The Clyde Tidal Weir is an important part of Glasgow's infrastructure network and is essential to maintaining the water level of the River Clyde. The Weir stabilises the upstream banking of the River Clyde by maintaining a fixed water level, creating a deep, wide channel of water through Glasgow Green.
The Tidal Weir's purpose is to stabilise the upstream banking, by maintaining a fixed water level, creating a deep, wide channel of water through Glasgow Green. Downstream of the Weir is entirely tidal, alternating between fresh and sea water.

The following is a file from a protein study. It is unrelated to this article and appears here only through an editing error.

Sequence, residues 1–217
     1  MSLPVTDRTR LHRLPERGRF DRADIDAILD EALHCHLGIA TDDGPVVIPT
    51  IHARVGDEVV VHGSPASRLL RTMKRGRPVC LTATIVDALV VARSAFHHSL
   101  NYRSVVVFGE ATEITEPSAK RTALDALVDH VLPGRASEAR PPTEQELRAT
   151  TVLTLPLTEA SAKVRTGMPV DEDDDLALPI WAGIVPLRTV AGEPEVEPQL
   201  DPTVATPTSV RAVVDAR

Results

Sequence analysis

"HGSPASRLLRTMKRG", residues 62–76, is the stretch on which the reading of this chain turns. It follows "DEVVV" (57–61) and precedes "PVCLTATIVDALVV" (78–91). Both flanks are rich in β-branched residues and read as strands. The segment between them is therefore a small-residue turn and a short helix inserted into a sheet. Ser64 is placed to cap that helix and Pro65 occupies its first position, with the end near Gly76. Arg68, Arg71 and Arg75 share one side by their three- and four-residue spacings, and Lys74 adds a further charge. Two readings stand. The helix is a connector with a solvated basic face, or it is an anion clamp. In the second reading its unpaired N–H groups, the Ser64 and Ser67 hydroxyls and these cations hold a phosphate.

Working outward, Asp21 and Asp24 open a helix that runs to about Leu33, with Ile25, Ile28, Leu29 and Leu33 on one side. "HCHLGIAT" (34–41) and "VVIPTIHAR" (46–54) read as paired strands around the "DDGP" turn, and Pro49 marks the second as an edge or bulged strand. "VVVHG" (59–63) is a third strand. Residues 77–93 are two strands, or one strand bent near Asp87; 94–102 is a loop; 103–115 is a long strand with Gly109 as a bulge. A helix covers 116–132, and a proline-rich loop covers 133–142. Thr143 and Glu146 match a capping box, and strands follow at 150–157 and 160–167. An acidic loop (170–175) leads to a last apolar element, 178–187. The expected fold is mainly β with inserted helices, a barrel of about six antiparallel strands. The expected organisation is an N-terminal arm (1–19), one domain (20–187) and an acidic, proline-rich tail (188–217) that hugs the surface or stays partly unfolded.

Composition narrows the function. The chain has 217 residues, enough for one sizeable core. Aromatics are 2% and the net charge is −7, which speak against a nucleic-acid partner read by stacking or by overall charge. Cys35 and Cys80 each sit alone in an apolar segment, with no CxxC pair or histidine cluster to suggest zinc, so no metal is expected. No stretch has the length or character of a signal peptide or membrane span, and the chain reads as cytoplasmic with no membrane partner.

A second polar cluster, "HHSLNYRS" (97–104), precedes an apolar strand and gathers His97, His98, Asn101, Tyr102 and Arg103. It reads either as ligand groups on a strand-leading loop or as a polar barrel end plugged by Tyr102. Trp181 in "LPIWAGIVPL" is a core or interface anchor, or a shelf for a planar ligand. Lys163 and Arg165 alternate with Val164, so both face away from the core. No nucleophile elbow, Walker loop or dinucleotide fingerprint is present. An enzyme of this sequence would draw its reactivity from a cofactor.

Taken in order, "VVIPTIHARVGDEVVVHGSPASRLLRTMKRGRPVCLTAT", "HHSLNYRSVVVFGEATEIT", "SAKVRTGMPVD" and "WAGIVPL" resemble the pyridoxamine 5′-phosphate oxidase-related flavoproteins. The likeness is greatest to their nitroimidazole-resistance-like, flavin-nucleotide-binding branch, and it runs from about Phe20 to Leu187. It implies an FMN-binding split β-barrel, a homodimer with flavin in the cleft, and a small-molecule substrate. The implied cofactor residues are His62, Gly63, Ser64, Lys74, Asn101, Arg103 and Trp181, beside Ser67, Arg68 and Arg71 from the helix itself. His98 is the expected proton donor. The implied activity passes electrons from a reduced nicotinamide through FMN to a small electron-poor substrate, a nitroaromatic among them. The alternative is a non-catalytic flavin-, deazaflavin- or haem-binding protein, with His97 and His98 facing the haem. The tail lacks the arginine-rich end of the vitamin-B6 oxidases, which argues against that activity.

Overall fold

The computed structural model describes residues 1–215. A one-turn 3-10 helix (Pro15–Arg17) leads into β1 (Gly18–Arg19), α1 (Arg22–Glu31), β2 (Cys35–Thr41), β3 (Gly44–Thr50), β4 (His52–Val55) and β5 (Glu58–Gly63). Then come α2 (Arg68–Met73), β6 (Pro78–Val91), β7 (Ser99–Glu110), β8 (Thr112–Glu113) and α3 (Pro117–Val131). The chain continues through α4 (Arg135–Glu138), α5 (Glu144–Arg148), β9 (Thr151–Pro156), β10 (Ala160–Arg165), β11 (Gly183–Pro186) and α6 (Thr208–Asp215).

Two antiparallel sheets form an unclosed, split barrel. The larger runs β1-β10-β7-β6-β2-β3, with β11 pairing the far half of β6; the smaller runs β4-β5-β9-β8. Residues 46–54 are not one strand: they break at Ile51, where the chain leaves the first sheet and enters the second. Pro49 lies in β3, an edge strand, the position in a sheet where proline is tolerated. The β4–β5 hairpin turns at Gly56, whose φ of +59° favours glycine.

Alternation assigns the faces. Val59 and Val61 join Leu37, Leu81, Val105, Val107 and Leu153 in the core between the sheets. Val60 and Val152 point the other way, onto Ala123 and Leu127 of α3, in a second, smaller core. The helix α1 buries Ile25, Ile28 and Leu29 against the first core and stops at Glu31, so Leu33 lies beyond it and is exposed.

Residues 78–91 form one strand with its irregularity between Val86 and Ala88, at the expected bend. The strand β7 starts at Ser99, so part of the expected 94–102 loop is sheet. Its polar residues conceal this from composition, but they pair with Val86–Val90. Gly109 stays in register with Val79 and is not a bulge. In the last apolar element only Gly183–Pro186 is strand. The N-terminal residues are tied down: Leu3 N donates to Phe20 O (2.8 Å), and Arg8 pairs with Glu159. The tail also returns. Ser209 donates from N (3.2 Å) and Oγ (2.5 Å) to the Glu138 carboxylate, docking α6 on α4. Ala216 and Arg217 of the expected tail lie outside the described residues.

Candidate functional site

The change from fresh water to salt water within river estuaries usually happens gradually over a number of miles. The Weir creates an unnatural situation: two distinct ecosystems separated by a barrier. This mix provides an important habitat for a range of birds, fish and mammals.
Built in 1901, the Weir needed major repairs in 1943, due to damage sustained in the catastrophic floods of 1941, when both the Weir and the riverside tenements on Adelphi Street on the south bank were demolished. The north side of the Weir is within Glasgow Green near Jocelyn or Jail Square, an area once used for public executions and public speaking. The Weir is now a Category B Listed Structure due to its design and appearance.
The Weir underwent the first major refurbishment works since 1946. This included: